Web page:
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Supreme Court rules against government in No Fly List case

The Supreme Court unanimously ruled Tuesday that a man’s challenge to his former placement on the No Fly List can move forward, finding the government failed to show his lawsuit is moot.

Yonas Fikre, a U.S. citizen who previously resided in Sudan, claimed his placement on the list was unlawful and sued the FBI.

The government later removed him from the list and signaled it was unlikely he would be readded. It then contended Fikre’s lawsuit was moot as a result and should be tossed.

The government warned that not declaring lawsuits like Fikre’s moot at the onset could require the government to disclose classified information. The Supreme Court rejected that assertion, enabling Fikre’s case to move ahead.

“Necessarily, our judgment is a provisional one,” Justice Neil Gorsuch wrote in the court’s opinion.

“Just because the government has not yet demonstrated that Mr. Fikre’s case is moot does not mean it will never be able to do so,” the conservative justice continued. “This case comes to us in a preliminary posture, framed only by uncontested factual allegations and a terse declaration. As the case unfolds, the complaint’s allegations will be tested rather than taken as true, and different facts may emerge that may call for a different conclusion.”

Fikre alleges that he traveled to Sudan in late 2009 in pursuit of growing an electronics business in his native East Africa. The FBI questioned him while in Sudan, according to court filings, telling Fikre he was on the No Fly List and could be removed if he became an informant.

Fikre allegedly refused and moved to the United Arab Emirates, where he claims he was then abducted and tortured for months by the country’s secret police at the FBI’s request. After leaving the United Arab Emirates, Fikre says he moved to Sweden, filed his lawsuit and sought asylum.

After being denied asylum, Sweden allegedly flew Fikre back to Portland, Ore., on a private jet.

In 2016, the government told Fikre he had been dropped from the No Fly List and his lawsuit was moot, court filings show. The district court agreed, but the 9th U.S. Circuit Court of Appeals reversed, leading the government to appeal to the Supreme Court.

“The FBI cannot play whack-a-mole with the rights of Muslims. The FBI cannot place innocent Muslims on the No Fly List, only to then block that unconstitutional list from scrutiny by removing those Muslims whenever they file a lawsuit,” the Council on American-Islamic Relations’s Gadeir Abbas, who argued the case for Fikre, said in a statement.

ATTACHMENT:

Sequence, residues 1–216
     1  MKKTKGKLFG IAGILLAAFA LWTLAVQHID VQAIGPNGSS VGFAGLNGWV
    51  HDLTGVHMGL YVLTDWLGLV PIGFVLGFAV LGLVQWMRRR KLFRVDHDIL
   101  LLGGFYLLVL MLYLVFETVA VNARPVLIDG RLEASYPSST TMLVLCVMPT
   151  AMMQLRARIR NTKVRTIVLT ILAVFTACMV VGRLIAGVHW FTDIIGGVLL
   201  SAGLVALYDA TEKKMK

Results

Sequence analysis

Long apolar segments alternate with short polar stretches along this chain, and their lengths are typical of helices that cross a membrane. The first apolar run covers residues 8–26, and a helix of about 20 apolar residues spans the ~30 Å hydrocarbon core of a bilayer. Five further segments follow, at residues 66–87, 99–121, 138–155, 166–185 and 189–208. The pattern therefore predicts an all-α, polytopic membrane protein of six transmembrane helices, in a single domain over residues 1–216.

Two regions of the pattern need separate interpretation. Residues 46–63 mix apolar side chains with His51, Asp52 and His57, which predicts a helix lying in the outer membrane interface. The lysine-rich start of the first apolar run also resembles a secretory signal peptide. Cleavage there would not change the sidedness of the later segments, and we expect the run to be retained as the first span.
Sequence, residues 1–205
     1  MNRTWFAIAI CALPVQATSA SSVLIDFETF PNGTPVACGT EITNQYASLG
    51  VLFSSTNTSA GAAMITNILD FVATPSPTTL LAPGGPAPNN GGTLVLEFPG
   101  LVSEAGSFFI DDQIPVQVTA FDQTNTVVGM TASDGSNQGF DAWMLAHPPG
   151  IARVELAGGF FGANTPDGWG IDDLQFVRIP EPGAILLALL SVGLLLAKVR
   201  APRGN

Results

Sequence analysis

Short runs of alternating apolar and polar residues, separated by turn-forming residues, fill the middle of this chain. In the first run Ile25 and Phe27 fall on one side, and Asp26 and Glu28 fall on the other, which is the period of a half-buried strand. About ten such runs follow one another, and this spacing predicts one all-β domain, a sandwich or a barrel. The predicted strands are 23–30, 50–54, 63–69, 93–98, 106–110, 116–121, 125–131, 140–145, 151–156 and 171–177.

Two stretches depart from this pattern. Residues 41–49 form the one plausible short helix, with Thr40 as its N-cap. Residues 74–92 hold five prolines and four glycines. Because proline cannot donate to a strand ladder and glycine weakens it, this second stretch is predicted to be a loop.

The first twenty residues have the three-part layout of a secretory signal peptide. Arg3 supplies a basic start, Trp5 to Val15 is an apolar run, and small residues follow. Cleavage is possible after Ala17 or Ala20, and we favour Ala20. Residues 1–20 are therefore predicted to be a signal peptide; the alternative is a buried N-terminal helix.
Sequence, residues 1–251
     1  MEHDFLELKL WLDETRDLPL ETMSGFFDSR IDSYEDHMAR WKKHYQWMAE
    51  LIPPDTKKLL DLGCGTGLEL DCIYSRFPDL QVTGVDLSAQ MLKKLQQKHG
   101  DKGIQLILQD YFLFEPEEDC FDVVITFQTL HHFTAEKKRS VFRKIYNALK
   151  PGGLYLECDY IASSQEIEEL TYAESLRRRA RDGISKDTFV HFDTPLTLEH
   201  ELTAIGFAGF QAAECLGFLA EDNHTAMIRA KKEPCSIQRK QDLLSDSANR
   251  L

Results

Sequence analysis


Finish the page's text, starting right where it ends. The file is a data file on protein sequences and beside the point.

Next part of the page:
The government does not generally disclose the full reasoning for why people are placed on the list, and the Justice Department expressed concerns that allowing cases such as Fikre’s to move forward would needlessly force the government to reveal its sometimes-classified explanations.

“A case does not automatically become moot when a defendant suspends its challenged conduct and then carries on litigating for some specified period,” Gorsuch pushed back. “Nor can a defendant’s speculation about a plaintiff’s actions make up for a lack of assurance about its own. (For that matter, given what little we know at this stage in the proceedings, Mr. Fikre may have done none of the things the government presumes he has, perhaps wishing to but refraining for fear of finding himself relisted.)”

Justice Samuel Alito, joined by fellow conservative Justice Brett Kavanaugh, wrote separately to clarify that the government does not necessarily have to make classified information available to Fikre to show his case is moot.

“In at least some instances, requiring the Government to disclose sensitive information regarding its grounds for placing or removing a person from the No-Fly List could undermine the Government’s significant interests in airline safety and the prevention of terrorist attack,” Alito wrote.

Lindsay Harrison and Annie Kastanek, partners at Jenner & Block who represented Fikre, applauded the ruling.

“We are proud to have helped Mr. Fikre secure justice through this unanimous US Supreme Court decision,” they said in a statement. “Mr. Fikre was unconstitutionally placed on the No Fly List and stranded overseas for four years, and today’s victory underscores that the government cannot evade review of its national security policies by selectively mooting out cases.”

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